Home learning focus
A variety of ecosystems are spread across the world, each with distinctive interacting characteristics and components. Learn about ecosystems.
This lesson includes:
- two videos to help learn about ecosystems
- two practise activities to help reinforce learning
An ecosystem describes a natural biological unit that is made up of both living and non-living parts. It is made up of a number of:
- habitats - the place where an organism lives
- communities - all the living organisms that live within a habitat
A community can contain a number of different species.
A rock pool on a seashore is described as a habitat and all the organisms that live in it are described as an ecosystem. Watch this film to learn about habitats and ecosystems. You may want to use a pen and paper to make notes.
An oak tree can be seen as an ecosystem in which each zone of the tree is a habitat for a distinct community of organisms.
A species is a group of organisms that can interbreed to produce fertile offspring. For example, a horse and a donkey can interbreed with one another but their offspring (a mule) will be unable to reproduce as mules are infertile. The fact that offspring cannot reproduce shows that horses and donkeys belong to two different species.
Biodiversity is the degree of variation that exists among all living organisms on Earth.
When examining the biodiversity on Earth it is useful to consider the populations of organisms in a species. These can fluctuate in an ecosystem depending on factors such as:
- competition between organisms for resources
- predator numbers
All living things within an ecosystem are interdependent. A change in the size of one population affects all other organisms within the ecosystem. This is shown particularly clearly by the relationship between predator and prey populations.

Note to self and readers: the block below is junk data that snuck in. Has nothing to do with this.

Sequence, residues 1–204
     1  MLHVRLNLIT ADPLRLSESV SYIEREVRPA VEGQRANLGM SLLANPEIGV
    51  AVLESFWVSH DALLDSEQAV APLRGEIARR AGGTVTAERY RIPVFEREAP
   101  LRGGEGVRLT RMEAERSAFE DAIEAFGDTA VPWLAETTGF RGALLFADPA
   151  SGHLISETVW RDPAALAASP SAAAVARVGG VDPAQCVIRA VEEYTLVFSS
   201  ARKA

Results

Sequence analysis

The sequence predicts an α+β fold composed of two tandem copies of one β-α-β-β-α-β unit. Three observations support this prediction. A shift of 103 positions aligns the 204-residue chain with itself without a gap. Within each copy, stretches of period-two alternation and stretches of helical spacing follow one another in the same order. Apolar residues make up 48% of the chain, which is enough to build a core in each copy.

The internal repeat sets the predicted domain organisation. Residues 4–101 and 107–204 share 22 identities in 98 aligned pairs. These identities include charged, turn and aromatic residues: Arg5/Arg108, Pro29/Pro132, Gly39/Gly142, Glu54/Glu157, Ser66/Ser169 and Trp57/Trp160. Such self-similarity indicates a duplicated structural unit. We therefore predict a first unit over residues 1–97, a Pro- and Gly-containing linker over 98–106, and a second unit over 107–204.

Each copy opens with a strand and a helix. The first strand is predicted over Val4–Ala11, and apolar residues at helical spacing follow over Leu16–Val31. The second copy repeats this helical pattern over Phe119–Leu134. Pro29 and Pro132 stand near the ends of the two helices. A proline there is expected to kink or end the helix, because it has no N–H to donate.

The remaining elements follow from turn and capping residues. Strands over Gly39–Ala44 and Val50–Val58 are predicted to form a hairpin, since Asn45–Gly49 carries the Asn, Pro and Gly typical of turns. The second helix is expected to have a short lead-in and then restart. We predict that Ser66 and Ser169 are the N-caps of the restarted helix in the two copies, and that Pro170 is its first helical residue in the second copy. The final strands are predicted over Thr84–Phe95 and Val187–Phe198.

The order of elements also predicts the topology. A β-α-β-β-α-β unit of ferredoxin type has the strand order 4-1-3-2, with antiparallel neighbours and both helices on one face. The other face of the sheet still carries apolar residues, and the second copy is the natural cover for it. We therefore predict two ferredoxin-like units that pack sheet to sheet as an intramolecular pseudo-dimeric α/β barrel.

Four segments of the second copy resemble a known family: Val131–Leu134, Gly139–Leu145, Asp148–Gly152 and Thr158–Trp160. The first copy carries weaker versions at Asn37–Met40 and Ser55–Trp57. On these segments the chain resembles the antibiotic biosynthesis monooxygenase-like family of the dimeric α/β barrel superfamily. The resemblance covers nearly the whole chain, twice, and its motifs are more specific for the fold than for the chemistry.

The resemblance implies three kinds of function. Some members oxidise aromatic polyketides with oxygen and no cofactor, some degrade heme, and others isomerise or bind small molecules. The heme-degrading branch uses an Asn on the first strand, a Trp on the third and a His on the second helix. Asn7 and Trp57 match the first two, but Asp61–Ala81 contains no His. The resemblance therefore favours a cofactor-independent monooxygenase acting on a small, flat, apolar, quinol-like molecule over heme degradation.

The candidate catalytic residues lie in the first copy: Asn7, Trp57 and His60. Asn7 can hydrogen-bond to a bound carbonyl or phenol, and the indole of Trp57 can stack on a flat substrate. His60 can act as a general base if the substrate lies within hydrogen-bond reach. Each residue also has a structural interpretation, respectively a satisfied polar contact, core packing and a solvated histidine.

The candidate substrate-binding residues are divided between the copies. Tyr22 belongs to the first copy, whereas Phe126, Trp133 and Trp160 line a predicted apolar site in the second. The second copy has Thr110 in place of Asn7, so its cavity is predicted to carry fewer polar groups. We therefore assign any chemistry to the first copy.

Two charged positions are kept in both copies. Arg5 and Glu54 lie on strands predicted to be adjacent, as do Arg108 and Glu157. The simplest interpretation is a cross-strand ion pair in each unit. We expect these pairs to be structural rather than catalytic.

Predator and prey populations
A predator is an animal that hunts, kills and eats other animals for food. Prey is a term used to describe organisms that predators kill for food.
Watch this film to learn about food chains. Don't forget to take notes.
Predator/prey relationships can be illustrated in a diagram called a food chain or food web.
A food chain shows the linear flow of energy between organisms
A food web shows the energy flow through interconnected food chains in an ecosystem.
Producers make their own food using energy from an abiotic (non-living, physical or chemical) source. For example, plants carry out photosynthesis to make food using light energy from the Sun. Consumers get food from a biotic (living) source by eating the biomass of producers or other consumers.
Within food chains and webs there are organisms that will only consume particular types of food:
- A herbivore is an organism that only consumes plant material.
- A carnivore is an organism that only consumes animal material.
- An omnivore is an organism that will consume both plant and animal material.
There is a continuous struggle between predators and their prey:
- Predator species need to be adapted for efficient hunting if they are to catch enough food to survive.
- Prey species must be well adapted to escape predators for their species to continue.
If the prey population in an ecosystem grows, predator numbers will respond to the increased food supply by increasing as well. Growing predator numbers will eventually reduce the food supply to the point where it can no longer sustain the predator population ... and so on.
If an organism is removed from a food chain or web all together, for example due to over-hunting, this can have a catastrophic effect on the other populations in the food web.
Try the activities below to test your knowledge.
Test how much you know about ecosystems in this quiz.
There's more to learn
Have a look at these other resources around the BBC and the web.